Also, by implementing a well-defined process to determine when DPIAs need to be conducted, businesses will also be able to prove accountability to Data Protection Authorities (DPA’s), thus getting one step closer to achieving full GDPR compliance.

4.3 Ensure Privacy and Security by Design and by Default

The GDPR requires privacy and security not only “by design” as we explained earlier, but also “by default.” This means that industry best practices will now be mandated activities in the daily operations of your business and will need to be demonstrable to Data Protection Authorities (DPA’s) if requested. That’s why organizations must take steps toward rethinking their security and privacy strategy and establishing privacy as a foundational principle in all of their operations.

4.4 Prove Accountability to Regulators

Finally, GDPR requires that organizations maintain detailed documentation of all their compliance efforts. To comply to this guideline, you must be prepared to show to Data Protection Authorities (DPA’s) evidence of your documented security policies and also demonstrate that your policies are being monitored and enforced regularly. Your goal is to be able to demonstrate that you are collecting, using, sharing, maintaining and disposing personal information in responsible, ethical and lawful ways.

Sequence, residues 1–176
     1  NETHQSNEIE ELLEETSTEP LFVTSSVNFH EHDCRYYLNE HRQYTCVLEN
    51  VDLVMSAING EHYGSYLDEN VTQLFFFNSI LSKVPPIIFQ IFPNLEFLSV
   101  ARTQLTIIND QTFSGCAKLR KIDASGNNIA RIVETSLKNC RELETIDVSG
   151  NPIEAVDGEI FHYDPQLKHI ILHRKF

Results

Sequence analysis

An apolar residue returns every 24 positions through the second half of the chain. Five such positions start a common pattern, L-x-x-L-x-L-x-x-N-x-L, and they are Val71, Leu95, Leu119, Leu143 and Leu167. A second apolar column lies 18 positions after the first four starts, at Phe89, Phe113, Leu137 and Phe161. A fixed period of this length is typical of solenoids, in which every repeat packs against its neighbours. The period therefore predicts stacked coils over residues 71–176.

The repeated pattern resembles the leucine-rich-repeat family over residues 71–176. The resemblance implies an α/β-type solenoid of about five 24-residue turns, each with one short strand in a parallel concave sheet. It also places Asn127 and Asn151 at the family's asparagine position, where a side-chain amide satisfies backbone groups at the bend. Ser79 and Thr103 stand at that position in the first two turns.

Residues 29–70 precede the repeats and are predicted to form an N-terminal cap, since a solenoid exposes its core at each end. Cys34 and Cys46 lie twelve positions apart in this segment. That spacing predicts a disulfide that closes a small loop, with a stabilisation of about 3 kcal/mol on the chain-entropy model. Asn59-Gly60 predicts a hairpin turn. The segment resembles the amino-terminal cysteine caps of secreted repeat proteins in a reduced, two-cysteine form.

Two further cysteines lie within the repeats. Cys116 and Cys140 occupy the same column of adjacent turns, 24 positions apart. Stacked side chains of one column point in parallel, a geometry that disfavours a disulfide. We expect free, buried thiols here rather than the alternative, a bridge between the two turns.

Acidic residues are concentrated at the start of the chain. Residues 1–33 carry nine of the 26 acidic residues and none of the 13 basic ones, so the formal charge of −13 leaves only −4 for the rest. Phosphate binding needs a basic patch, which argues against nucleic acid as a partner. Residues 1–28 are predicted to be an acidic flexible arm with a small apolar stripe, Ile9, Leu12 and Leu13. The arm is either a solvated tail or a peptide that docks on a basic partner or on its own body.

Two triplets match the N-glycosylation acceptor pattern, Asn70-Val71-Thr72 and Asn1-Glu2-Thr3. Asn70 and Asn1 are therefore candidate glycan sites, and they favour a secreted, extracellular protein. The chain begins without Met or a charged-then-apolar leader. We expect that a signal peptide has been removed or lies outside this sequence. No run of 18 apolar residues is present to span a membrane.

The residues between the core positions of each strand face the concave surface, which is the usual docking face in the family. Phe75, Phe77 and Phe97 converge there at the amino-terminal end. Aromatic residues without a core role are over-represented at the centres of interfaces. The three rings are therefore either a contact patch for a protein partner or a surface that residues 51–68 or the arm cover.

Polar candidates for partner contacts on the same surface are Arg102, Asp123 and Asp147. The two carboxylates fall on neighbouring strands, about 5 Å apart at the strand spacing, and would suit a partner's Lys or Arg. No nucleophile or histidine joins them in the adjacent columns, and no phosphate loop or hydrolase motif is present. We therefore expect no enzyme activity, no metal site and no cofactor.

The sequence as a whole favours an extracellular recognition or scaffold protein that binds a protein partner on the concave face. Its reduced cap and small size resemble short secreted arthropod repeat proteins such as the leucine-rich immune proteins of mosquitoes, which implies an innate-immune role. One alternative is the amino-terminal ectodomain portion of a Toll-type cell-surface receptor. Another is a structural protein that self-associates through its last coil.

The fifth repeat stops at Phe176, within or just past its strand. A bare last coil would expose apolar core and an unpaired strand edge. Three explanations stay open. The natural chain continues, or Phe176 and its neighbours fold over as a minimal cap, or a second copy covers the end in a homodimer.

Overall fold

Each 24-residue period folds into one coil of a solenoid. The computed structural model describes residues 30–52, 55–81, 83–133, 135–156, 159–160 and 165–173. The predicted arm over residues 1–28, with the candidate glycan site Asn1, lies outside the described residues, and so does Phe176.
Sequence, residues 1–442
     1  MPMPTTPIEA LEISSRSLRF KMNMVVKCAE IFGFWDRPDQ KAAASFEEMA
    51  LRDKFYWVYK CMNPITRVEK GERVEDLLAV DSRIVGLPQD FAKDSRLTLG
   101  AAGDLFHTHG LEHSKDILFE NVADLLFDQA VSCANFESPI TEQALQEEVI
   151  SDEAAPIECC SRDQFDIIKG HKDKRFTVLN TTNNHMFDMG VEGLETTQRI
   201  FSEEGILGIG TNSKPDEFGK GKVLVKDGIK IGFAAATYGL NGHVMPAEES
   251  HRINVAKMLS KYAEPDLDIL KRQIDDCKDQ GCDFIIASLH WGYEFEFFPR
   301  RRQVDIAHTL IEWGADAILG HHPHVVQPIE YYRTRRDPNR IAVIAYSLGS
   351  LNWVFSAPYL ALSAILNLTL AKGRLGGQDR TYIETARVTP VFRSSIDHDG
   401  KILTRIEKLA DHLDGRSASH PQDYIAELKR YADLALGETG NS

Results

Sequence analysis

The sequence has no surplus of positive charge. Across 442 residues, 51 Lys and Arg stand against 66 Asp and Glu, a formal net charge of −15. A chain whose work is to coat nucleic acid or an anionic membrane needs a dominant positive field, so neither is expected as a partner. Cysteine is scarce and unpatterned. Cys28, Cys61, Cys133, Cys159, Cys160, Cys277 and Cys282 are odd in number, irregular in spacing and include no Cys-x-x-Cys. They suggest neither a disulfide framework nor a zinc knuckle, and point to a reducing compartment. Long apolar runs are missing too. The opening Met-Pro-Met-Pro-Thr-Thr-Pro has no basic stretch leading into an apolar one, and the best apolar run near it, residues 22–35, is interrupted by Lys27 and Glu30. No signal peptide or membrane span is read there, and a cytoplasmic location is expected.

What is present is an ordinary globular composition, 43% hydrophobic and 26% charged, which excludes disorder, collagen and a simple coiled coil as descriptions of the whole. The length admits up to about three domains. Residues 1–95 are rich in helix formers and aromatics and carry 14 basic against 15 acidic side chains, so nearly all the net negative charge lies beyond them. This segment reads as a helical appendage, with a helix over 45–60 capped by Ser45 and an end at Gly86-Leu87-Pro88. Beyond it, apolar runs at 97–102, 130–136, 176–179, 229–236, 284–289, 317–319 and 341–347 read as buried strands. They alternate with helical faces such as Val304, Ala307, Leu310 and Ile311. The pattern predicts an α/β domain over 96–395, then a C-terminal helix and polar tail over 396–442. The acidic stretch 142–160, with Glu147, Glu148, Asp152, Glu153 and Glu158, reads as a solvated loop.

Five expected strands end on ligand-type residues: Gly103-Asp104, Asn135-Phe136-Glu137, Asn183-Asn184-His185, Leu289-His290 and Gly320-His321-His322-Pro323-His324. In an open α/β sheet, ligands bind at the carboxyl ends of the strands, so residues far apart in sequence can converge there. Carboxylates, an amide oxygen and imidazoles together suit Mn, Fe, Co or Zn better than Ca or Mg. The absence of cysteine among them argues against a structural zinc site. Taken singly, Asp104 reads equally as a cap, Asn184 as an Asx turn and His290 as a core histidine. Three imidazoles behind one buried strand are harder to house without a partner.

5. Security controls that you may already implementing that also apply to GDPR

Now, let’s explore some key security controls that need to be in place for GDPR compliance, and if you are already implementing them into your organization you get the added bonus of “free” compliance:

5.1 Identity and Access Management (IDAM)

Having proper Identity and Access Management (IDAM) controls in place will help control and limit access to personal data only to authorized employees. The two key security principles are applicable to IDAM, the principles of least privilege and separation of duties, both ensuring that employees have access only to personal data or assets needed for their job function.

IDAM help us with GDPR compliance by ensuring that, only those who need access to personal information data in order to perform their job, have access. In this setup, security awareness and privacy training should be provided to all employees to warrant that the intended purpose for collection of personal data is maintained.